LONDON (AP) — The Latest from the IAAF investigation (all times local):
Russian Sports Minister Vitaly Mutko has slammed Britain, saying its anti-doping system is worth “zero” if it failed to catch drug cheats at the 2012 Olympics.
Monday’s report into Russian doping by a World Anti-Doping Agency commission said six athletes with previous suspicious test results competed at the London Olympics, where drug tests were handled by a British laboratory.
In remarks reported by Russia’s Interfax news agency, Mutko said that if athletes doped and weren’t caught in London, “then your system is zero and even worse than ours.”
Mutko also said it was “absurd” that his membership on the FIFA executive committee should be reviewed in light of the report, which said his ministry helped to cover up doping cases.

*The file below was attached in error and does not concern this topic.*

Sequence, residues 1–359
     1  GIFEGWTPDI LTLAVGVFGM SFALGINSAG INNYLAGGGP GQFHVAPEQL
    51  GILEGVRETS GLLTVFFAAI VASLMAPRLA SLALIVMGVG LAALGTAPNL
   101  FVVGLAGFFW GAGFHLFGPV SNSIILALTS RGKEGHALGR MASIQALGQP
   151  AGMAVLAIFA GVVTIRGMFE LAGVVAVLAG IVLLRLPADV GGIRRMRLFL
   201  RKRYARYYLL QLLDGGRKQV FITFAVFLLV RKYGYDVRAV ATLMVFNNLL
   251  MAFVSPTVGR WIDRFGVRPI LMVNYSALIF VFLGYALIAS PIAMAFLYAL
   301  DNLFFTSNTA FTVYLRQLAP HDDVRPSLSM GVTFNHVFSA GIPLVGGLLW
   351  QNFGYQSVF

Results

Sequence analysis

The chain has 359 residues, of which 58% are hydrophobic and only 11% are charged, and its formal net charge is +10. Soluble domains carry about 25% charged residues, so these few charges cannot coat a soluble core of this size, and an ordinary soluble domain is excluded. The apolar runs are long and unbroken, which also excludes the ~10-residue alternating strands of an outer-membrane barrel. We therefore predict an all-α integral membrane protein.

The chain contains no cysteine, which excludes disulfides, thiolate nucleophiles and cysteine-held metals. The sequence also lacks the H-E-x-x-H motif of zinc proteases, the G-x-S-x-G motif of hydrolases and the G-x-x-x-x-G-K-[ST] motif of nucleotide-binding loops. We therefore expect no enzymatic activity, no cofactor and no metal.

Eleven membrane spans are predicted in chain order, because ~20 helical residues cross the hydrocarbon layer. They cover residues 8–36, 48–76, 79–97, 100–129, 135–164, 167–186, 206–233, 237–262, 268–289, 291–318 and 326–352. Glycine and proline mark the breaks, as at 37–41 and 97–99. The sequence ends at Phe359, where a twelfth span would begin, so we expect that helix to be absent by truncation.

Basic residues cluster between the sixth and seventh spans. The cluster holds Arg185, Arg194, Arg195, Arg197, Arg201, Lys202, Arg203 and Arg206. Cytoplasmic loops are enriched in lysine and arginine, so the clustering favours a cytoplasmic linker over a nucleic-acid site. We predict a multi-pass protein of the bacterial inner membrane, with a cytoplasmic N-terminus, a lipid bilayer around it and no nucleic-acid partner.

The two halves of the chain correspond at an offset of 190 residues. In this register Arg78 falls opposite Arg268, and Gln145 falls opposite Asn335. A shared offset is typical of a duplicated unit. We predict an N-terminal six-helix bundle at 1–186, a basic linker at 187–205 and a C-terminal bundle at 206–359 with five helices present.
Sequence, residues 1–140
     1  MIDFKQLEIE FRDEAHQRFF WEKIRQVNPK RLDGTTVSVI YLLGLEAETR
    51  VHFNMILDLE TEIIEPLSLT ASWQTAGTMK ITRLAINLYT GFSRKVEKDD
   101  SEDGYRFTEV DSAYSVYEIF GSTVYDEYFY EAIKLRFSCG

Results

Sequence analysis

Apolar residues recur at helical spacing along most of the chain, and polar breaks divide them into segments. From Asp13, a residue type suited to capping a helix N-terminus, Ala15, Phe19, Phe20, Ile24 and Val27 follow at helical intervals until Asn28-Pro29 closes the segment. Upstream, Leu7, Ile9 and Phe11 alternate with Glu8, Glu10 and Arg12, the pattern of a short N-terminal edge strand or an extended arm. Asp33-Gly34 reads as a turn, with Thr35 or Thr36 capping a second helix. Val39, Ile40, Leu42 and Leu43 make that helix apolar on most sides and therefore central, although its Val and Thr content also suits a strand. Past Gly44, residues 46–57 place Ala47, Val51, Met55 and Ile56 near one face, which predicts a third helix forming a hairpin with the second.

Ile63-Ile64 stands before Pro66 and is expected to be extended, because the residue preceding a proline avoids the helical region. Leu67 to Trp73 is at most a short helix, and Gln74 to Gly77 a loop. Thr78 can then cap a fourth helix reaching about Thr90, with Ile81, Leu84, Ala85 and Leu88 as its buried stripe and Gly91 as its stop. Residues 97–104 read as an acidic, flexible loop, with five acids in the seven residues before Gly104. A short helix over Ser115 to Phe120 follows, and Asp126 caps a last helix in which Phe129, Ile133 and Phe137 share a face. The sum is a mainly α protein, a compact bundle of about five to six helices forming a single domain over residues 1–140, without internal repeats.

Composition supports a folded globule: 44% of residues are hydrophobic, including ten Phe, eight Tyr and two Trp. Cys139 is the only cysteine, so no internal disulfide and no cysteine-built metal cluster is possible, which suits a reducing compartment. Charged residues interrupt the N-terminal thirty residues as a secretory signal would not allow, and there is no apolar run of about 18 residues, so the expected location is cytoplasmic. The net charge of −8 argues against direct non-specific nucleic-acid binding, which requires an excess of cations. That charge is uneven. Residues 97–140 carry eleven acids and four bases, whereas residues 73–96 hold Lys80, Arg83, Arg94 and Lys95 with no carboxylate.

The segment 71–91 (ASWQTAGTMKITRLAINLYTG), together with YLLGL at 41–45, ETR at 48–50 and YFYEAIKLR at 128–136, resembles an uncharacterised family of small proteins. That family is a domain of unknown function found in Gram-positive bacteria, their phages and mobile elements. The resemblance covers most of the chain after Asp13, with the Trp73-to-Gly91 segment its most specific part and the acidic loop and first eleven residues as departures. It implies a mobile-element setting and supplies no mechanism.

Russian President Vladimir Putin has canceled a meeting with sports leaders, scheduled to be held in Sochi on Wednesday in the wake of the country’s doping scandal.
Putin spokesman Dmitry Peskov was quoted by Russian state news agencies as saying the reason for the cancellation was heavy rain that has restricted flights in and out of Sochi, the host city of last year’s Winter Olympics.
Putin had been due to discuss the doping allegations against Russia, with track federation coach Yuri Borzakovsky in attendance.
The sports leaders have instead arranged a meeting in the city of Mineralnye Vody with Russian Olympic Committee president Alexander Zhukov.
Putin is to be briefed separately later, according to Peskov.
Lamine Diack has resigned as an honorary member of the International Olympic Committee.
The resignation came Wednesday, a day after the former IAAF president was provisionally suspended by the IOC executive board.
Diack was placed under investigation by French authorities last week on charges of corruption and money-laundering related to the cover-up of Russian doping cases.
Diack served as a full IOC member for 15 years until 2014, when he reached the mandatory retirement age of 80 and became an honorary member. The Senegalese official stepped down in August as president of the IAAF after 16 years in charge of track’s governing body.